I knew that it could be found in various towns in Isabela and all the way up to Tuguegarao, where there is a version of it called batil patung.
I also knew that Cabagan, from where it originates would not be on our route as we usually take the short cut from Santiago to Tuguegarao.
Good thing I asked about pancit cabagan at the Petron station in Santiago City. The owner, who was counting out mounds of cash looked a little alarmed when I barged into her office.
However, she graciously gave me directions to a not-to-be-missed place -- Feli-citas.
But you just missed it she said -- turn back and go five minutes down the road. Then, seeing my crestfallen face, she added that we would be passing one of its branches in Roxas, an hour's drive away and right along our route.
We almost missed Feli-Citas' Roxas branch!
I was looking earnestly for a stand alone restaurant but it turned out that it is part of a huge Total Gas Station, attached next to the convenience store.
The short menu of specialties was listed right on the food counter which also had some trays of home cooked food. There were slabs of very tempting lechon kawali but we were focused on finally sampling pancit cabagan.
The girl manning the counter said that batil patung was just pancit cabagan with a whole egg on top so I opted to try both versions.
The platters of pancit, generous for a single serving, came out from the kitchen, freshly made and very hot.
First glance showed that slices of lechon kawali were liberally sprinkled on top and both batil patung and pancit cabagan were very saucy, saucier than most other noodle dishes I had tried. It almost looked like lomi albeit, with thinner noodles.
We were even given a coffee cup of extra sauce!
While I didn't eat the lechon kawali on my pancit, each spoonful was redolent of the aroma and flavor of rendered pork lard. Very flavorful and rich but also very heavy on the stomach.
While I think the noodles are really miki , freshly made, the sauce was so overpowering you could not appreciate their springiness and chewiness.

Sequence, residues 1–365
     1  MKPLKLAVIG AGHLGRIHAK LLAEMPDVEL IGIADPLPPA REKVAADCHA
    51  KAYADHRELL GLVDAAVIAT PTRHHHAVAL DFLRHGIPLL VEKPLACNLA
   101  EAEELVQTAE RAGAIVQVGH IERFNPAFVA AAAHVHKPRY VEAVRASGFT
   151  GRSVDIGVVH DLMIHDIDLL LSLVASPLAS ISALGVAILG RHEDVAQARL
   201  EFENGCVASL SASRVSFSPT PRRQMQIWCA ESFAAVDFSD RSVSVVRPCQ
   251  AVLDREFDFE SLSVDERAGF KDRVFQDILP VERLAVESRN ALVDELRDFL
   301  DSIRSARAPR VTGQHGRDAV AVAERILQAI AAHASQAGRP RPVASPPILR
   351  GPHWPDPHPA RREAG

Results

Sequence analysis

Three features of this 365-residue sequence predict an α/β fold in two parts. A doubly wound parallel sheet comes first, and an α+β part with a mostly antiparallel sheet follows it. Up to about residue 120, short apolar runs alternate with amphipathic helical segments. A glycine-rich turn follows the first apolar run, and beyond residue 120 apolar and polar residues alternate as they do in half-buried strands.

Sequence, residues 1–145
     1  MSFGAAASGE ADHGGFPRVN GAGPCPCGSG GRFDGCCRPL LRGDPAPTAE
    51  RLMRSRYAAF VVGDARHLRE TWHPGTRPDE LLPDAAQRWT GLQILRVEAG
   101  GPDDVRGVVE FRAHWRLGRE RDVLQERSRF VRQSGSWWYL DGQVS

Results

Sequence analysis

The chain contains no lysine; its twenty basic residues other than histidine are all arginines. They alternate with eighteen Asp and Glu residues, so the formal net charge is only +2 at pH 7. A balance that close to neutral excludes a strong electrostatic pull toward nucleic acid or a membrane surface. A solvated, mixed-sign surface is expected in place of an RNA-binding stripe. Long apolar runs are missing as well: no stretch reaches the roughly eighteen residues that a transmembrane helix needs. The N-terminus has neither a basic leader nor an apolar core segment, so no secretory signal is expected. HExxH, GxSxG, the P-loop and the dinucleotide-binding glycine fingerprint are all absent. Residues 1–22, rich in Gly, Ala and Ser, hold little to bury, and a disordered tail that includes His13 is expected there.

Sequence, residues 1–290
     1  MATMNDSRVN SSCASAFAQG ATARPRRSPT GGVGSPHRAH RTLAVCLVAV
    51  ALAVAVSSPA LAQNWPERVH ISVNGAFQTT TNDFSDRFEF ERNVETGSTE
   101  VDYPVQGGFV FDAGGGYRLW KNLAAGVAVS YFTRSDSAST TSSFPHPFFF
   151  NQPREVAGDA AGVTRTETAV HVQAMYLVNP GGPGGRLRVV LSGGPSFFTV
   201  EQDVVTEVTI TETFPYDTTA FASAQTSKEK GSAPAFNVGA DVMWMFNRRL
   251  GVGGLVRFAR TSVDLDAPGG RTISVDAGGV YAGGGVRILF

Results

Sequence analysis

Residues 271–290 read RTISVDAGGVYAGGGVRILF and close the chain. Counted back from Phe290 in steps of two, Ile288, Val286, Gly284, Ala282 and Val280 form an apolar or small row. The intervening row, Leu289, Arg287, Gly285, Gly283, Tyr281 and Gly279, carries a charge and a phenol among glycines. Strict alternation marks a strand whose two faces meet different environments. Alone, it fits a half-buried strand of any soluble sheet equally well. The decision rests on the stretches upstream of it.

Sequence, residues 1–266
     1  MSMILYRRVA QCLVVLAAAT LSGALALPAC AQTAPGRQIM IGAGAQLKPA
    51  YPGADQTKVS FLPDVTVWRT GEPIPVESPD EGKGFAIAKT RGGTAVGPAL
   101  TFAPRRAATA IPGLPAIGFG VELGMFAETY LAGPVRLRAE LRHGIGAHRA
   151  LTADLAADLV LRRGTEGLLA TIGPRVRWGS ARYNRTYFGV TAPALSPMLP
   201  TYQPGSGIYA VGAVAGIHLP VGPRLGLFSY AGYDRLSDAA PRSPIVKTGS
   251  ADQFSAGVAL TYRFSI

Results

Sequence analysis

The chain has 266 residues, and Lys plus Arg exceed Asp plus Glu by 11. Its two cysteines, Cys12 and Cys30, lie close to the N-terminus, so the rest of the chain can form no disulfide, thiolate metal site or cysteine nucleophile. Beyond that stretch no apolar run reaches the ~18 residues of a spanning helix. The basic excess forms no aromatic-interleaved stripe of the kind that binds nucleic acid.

We left Roxas and Feli-Citas with full tummies -- the pancit cabagan would last us through a couple of hours more to Piat and on to Tuguegarao!

Monday, June 13, 2011

Pork in the (North) Road

Every year, around June, Jay and I take our annual road trip to Northern Luzon.
We started this in 1994 and have been able to do it annually, barring a year or two.
We start by going east, going through the provinces of Bulacan, Nueva Ecija, Nueva Vizcaya, Isabela, Cagayan Valley.
We stop at Piat in Cagayan to visit Our Lady of Piat then break the journey and spend the night in Tuguegarao City.
The next day, we head for Ilocos, driving upwards to the northern tip and going downwards towards Ilocos Norte where
we enjoy the great white sand beaches of Pagudpud.
After a few days, we drive back through northwest Luzon, passing through Ilocos Sur, La Union, Pangasinan, Tarlac, Pampanga and back home.
It's a great road trip that takes us about a week and it's something I have always wanted to write about.
And now with this blog, I can.

One Less Pig To Die

And cow. Chicken. And duck. And goose. Yes, sheep. And goat.
I've done it. I've stopped eating any kind of meat.
Every year, I turn vegetarian for the 40 days of Lent.
I become a lacto-ovo vegetarian, forsaking all meat, fish, poultry.
Nothing but vegetables and eggs and dairy products.
When Easter rolled around, I decided to extend the fasting from meat although
I started to eat fish and other kinds of sea food.
And I have lasted so far, up to now, without tasting any morsel of meat.
I'm doing it for health reasons -- I feel better and healthier and yes, lighter.
I'm also doing it for ethical reasons -- in my own small way,
hopefully some animal will not give up its life in the usual inhumane fashion.
So what about this blog then ...
Of course it will go on because there are so many other delicious things to enjoy,
so many food experiences to share.
And while I will not be eating meat, I can still reminisce and blog about it.